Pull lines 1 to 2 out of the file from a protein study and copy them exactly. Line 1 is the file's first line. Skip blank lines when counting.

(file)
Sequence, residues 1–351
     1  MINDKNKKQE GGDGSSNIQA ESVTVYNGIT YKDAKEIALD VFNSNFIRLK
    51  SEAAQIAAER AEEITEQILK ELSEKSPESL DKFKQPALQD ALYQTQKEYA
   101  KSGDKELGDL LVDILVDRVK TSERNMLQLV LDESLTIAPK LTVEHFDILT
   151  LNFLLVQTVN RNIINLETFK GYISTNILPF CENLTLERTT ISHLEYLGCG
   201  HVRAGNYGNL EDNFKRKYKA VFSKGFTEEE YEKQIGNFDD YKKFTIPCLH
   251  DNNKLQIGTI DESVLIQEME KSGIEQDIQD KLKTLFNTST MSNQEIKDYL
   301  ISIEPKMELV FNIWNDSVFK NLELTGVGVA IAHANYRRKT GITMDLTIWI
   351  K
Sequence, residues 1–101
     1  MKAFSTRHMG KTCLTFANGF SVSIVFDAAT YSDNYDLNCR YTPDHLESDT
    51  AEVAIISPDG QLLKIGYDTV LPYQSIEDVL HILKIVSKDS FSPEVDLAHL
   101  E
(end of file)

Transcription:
Sequence, residues 1–351
     1  MINDKNKKQE GGDGSSNIQA ESVTVYNGIT YKDAKEIALD VFNSNFIRLK